There’s something to be said for not writing.
This. Coming from a writer.
Shut-ins who function as writers may disagree with me, but I sense there’s a fine line between writing and living.
I say this as I watch the home-schooled boy, who lives across the street from my house, ride his scooter around and around my circular driveway.
He’s about 10 or 11 and incapable of exploring our neighborhood on foot. He’s glued to his scooter. When other boys his age are tied to their desks at school, this boy is outside, tearing around Coffee Pot Bayou on an aluminum scooter.
I think he loves my driveway because it has a slight slope and provides a thrilling change in elevation on an otherwise flat ride.
He has no idea I’m watching him from my office window.
Sometimes I wonder what he’s thinking, as if I forget what it’s like to be a daydreaming kid.
I have not forgotten what it’s like to be a daydreaming kid.
It’s clouds and Popsicle sticks. Big words in poetry books. Splices of sunlight and windburned cheeks. Ankle socks and white Keds. Ease and perpetual un-worry.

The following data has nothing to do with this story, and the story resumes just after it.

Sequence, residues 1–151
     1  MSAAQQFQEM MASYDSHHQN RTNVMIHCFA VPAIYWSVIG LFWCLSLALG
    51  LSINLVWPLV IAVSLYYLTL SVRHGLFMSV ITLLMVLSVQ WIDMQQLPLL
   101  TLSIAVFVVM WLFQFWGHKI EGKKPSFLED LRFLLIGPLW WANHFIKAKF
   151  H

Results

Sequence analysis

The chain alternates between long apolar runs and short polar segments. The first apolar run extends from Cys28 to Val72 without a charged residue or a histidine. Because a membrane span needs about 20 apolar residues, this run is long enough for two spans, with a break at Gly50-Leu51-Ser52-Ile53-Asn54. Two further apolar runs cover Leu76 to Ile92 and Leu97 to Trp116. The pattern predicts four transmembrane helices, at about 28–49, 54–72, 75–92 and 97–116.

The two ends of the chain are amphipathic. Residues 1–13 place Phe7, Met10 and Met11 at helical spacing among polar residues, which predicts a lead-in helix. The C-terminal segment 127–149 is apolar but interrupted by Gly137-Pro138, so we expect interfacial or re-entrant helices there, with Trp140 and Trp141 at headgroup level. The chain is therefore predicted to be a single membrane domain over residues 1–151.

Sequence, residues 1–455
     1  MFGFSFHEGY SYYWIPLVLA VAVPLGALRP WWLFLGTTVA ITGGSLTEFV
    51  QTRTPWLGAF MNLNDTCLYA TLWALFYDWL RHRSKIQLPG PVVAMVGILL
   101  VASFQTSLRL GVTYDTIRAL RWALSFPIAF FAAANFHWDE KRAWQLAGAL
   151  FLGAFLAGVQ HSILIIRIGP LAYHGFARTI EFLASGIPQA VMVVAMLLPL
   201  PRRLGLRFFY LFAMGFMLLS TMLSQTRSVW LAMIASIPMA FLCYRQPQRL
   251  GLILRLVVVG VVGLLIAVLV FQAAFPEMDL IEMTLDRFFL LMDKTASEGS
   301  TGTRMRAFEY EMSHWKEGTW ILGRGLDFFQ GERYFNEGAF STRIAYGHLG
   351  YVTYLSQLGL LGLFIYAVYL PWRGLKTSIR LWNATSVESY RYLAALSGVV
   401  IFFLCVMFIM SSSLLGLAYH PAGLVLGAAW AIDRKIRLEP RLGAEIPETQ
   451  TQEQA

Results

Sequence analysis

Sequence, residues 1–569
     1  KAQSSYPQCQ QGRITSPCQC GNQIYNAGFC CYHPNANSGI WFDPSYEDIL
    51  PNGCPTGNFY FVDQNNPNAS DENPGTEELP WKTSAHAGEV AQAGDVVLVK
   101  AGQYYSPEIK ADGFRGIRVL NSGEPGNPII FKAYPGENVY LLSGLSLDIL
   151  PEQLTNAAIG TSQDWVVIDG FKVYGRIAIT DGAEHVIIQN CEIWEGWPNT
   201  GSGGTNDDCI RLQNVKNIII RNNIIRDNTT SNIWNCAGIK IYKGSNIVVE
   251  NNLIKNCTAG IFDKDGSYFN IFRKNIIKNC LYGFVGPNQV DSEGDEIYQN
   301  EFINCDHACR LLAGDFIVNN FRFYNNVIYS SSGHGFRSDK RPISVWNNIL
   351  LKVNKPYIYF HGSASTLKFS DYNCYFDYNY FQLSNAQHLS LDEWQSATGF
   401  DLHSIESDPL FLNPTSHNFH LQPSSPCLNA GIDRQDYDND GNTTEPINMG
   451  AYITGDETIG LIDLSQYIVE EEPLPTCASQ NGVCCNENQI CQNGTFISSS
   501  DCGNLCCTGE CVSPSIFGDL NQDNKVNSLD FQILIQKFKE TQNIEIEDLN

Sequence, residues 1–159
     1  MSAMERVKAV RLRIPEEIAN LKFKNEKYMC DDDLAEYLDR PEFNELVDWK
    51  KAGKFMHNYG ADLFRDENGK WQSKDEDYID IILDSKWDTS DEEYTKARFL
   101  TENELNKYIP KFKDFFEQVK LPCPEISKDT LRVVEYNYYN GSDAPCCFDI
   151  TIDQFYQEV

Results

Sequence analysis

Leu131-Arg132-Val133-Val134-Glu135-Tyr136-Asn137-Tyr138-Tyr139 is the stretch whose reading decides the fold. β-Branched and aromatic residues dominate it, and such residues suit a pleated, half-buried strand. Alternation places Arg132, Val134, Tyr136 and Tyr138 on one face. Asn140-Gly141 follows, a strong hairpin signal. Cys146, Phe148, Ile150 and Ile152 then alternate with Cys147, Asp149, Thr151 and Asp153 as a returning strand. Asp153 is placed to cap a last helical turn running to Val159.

Sometimes in moments of anxiety or frustration I lose sight of these things, but the flicker of memories is always there like a tingly bundle of neurons tucked inside a lock box, stored somewhere in my head for safe keeping, at my disposal whenever I need to pull from it.
As a kid, all that concerned me were the things I could see and feel in fleeting windows of time, marked by what I had studied that day in school, by what my mother had packed in my Igloo lunchbox, by what chapters I had read in a particular Judy Blume book, by what boy had captured my attention, by the pop song lyrics stuck in my head. The taste of red Kool-Aid.
I used to ride a scooter too. Around and around my parent’s driveway. It was purple. Skidding up and down the driveway, I would get lost for hours in my head, making up stories ruled by the forces of magic and imagination, not realizing at the time how these daydreams would shape me, how well these fantasies would serve me, how material things could never eclipse my capacity to think, how in my head I would always have everything I’d ever need.
Remember in the Shawshank Redemption when Andy locks himself in the jail library and blasts Mozart over the PA system? Remember how he says there are places in the world that aren’t made of stone? That no one can ever take away how you feel when you listen to music; that it will always be yours wherever you are?
This is how I feel about storytelling.
Even when I’m not doing it.